If you are a music artist, and you write your own songs, you are entitled to 200% of the royalties.
200%?! How is that possible?
This means you are entitled to 100% on each side of the pie. 100% on the artist side (sound recording / master), and the other 100% for the underlying composition (song).
To put this into context, if you were signed to a record label, you would hand over your master(s) to them to exploit commercially. And as part of your agreement with them, they would give you a royalty on sales and streams.
If you were signed with a publisher, they would own your song(s). Giving you a % of royalties on the composition side.
Artist / Master Side Royalties
These are the royalties you collect as the person who owns the sound recording / masters.
This includes, but is not limited to, the following:
- Interactive steams (Spotify, Apple Music etc)
- Sales (iTunes Downloads etc)
- Non-interactive streams (Pandora)
Songwriter Side Royalties
These are the royalties you collect as the composer and owner of the song. These include:
- Mechanical royalties (mechanicals)
- Performance Royalties
Performing rights organisations (PROs) issue licences to businesses to use your music. Businesses such as radio stations, shops, bars, live venues, all obtain a blanket license from the PRO in their territory, then the PRO collects and distribute that money to you, the songwriter. In the UK, we have PRS, in the US they have ASCAP, BMI, SESAC, and Global Music Rights.
To collect these royalties, you must either sign up with a PRO in your territory, or you can use your distributor’s publishing admin services who will register with the PROs for you. PROs pay songwriters and publishers each their 50% cut, so make sure you are getting 100% of that pie if you are your own publisher.
This refers to streaming services where the user chooses the song they want listen to, such as Spotify, Apple Music, TIDAL, and Amazon.
This refers to the kinds of streaming services where the user doesn’t choose the song.
An example of such services is Pandora, where it functions more like a radio station, as opposed to an “interactive” platform where the user selects the song or album they want to listen to.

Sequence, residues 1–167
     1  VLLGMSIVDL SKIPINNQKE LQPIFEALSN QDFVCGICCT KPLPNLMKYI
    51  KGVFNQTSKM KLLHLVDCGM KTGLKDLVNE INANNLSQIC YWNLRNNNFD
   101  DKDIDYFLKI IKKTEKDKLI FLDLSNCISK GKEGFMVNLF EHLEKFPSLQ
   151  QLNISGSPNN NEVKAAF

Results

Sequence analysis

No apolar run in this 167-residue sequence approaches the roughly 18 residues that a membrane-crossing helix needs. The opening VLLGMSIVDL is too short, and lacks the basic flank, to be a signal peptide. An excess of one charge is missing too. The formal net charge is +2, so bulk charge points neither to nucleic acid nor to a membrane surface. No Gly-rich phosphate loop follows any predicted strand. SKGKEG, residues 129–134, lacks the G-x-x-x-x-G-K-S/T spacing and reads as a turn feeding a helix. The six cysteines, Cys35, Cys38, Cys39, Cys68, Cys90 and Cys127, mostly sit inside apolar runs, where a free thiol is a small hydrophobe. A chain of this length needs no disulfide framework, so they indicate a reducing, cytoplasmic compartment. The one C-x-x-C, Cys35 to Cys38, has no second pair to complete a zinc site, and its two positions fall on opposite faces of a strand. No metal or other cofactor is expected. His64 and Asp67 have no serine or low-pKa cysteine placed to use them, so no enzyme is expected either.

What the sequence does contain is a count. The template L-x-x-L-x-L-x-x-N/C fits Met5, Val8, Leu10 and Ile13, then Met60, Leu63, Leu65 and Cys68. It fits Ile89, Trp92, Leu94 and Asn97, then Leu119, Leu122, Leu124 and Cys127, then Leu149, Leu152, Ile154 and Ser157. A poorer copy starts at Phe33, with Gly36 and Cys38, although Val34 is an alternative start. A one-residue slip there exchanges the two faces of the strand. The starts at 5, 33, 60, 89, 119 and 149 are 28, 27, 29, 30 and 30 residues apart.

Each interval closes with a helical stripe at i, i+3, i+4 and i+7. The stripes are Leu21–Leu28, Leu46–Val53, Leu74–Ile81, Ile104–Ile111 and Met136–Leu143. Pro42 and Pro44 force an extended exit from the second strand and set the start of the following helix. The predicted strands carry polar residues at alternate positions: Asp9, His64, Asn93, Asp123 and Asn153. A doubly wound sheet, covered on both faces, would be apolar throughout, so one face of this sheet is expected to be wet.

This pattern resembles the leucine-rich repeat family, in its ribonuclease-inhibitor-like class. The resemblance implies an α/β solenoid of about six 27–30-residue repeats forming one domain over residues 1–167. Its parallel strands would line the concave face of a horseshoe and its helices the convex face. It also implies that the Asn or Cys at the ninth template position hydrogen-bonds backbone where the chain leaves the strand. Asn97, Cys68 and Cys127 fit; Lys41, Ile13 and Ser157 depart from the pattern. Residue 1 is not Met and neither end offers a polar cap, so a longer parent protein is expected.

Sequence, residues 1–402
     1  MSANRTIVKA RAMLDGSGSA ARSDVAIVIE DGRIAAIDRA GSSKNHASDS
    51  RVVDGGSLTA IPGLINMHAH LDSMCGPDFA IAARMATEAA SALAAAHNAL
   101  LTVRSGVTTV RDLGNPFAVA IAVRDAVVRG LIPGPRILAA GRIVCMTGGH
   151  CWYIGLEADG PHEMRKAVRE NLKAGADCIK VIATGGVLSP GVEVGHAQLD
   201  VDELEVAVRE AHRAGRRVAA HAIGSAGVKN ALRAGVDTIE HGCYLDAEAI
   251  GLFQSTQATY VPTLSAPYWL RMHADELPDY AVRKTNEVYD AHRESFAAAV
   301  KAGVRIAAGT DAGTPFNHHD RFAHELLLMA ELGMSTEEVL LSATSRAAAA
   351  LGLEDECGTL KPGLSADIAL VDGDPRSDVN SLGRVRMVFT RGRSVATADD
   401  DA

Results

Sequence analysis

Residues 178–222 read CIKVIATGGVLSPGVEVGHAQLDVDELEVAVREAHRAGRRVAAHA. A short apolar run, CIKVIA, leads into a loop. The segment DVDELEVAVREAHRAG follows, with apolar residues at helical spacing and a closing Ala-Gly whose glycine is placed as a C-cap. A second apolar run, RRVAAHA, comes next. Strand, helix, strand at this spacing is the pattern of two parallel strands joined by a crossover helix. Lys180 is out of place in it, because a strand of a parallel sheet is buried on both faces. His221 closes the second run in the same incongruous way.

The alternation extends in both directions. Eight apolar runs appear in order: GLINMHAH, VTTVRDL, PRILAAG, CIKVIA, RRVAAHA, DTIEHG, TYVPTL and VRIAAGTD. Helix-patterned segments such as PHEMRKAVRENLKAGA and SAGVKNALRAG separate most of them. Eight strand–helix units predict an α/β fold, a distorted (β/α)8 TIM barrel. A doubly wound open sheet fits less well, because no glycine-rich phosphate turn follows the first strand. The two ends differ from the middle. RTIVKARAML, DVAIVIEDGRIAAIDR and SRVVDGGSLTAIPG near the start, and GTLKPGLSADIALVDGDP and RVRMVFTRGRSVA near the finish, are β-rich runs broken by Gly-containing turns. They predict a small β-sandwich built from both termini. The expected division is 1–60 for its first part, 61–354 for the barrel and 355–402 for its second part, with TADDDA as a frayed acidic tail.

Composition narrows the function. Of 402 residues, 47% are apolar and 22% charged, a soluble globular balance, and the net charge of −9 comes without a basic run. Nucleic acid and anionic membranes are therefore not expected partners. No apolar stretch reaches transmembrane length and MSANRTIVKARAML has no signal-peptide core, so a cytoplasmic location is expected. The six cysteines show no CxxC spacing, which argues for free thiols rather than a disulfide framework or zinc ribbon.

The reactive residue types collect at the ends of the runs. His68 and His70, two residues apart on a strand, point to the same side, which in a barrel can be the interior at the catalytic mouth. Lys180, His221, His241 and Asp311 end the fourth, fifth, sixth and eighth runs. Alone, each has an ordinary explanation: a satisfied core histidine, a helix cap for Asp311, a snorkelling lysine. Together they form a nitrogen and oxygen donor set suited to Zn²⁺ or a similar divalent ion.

In order to collect these royalties, you need to sign up to a collection agency such as SoundExchange who would represent you as the artist / owner of the sound recording.
This refers to the rights of the owner(s) of the sound recording (master) when it is performed in a public setting.
Publishing Administration Companies
Publishing administration companies do what they say on the tin, they administer the publishing side of your music business.
These companies can collect all of the royalties on the composition side, including performance and mechanical royalties.
Some distributors also give you the option to opt-in for their publishing admin services, allowing you to collect all royalties on both sides of the pie.
Youtube’s Content ID system can detect when your work is being used on someone else’s content, and from there you can choose to block the use of your music, or take a share of the ad revenue generated by the video it was used in.
When your music is properly protected, you can hugely benefit from people legitimately using your music in their videos, not just for the ad revenue, but for the exposure.
The easiest way to make sure this is all in place is to opt-in with your distributor.
Yes, you can opt-in to receive royalties when someone uses your music on Facebook.
This functions a bit like Youtube’s Content ID system, in the sense that people can easily share your music, and you can monetise their use of it.
Facebook and Instagram Stories now also have “Music Stickers” where users (your fans) can easily add snippets of your music to their content.
This is a sign of things to come with regard to Facebook and music, so make sure you’re good to go!
I have personally tried to find many indie artists’ music via Facebook and Instagram stickers, but many of them aren’t there.
So you must make sure you opt-in for this. Otherwise you are making it difficult for them to spread the love and leaving money on the table.
On the songwriter side, you are entitled to mechanical royalties whenever your song is reproduced in some way or another. This includes when your song is streamed, downloaded, or pressed onto CD or Vinyl.
You can find the current statutory rates for mechanicals at The Harry Fox Agency website.
To collect your mechanical royalties, you’ll need to sign up to a publishing administration company.
If you want to be successful in this business, it helps to understand how it works.
Here are two books I highly recommend you purchase and keep with you at all times for your reference.
Everything You Need To Know About The Music Business — Donald Passman
How To Make It In The New Music Business — Ari Herstand
And here are some more articles on how royalties are generated, and how they (eventually) flow into the hands of artists.
For your convenience, we have created a PDF version of this guide. You can get it HERE.
Note: This article contain affiliate links